No. 2 behind Tiger Woods on the tour money list as well as in the world rankings, Mickelson, 31, is an aggressive golfer whose intensity is best appreciated in person. Television captures his good looks and ready smile but misses the energy and burning desire to win he exudes in competition. Mackay, 36, is the yin to Mickelson's yang, an affable Georgian with a rare gift for remaining calm in the heat of battle. The two or three times they've had problems, Mackay wanted Mickelson to play it safe. "Granted, he may have been right," says Mickelson. "But that's not the point." The point is, playing it safe isn't part of Mickelson's game, and Mackay accepts that. "I've got the greatest job in the world," he says. "I can't tell you what an amazing experience it is to caddie for a player of his ability."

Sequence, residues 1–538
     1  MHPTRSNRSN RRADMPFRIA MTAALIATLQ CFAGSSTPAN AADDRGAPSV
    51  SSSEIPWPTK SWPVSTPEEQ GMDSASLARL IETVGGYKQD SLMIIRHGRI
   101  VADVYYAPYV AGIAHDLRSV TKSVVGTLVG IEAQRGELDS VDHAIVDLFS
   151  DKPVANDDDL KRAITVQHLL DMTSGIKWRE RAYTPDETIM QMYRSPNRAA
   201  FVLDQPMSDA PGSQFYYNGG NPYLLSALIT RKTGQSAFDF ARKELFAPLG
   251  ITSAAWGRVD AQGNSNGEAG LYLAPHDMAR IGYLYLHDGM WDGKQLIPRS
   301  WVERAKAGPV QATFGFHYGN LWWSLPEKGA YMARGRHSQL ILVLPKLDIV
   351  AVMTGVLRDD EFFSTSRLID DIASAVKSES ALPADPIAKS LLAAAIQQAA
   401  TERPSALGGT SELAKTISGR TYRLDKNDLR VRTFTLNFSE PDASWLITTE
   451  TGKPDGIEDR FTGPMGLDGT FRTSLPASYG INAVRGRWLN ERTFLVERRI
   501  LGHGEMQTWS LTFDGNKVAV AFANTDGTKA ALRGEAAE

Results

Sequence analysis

Not all caddies are as fortunate as Mackay. "The top 50 guys out here are doing pretty good," says Dale McElyea, president of the Professional Tour Caddies of America. "But if you're down around 100th on the money list, you're not living too high on the hog." A caddie at that level makes about $50,000 in salary and percentage. With typical expenses running about $30,000 for the season, it hardly seems worth the effort. Unless, of course, you appreciate the arcing flight of a perfect drive, the unerring roll of a perfect putt, the distinctive "plop" of a ball falling into a cup for a birdie. "If they cut the purses by 75 percent, we'd still be doing the same thing," says McElyea, a 13-year tour veteran. They'd still be walking up sun-blasted fairways with 60-pound golf bags on their shoulders, squinting into the distance, thinking and talking and trying to figure out a way to win. They'd still be doing it because golf may be a business, but it's also golf.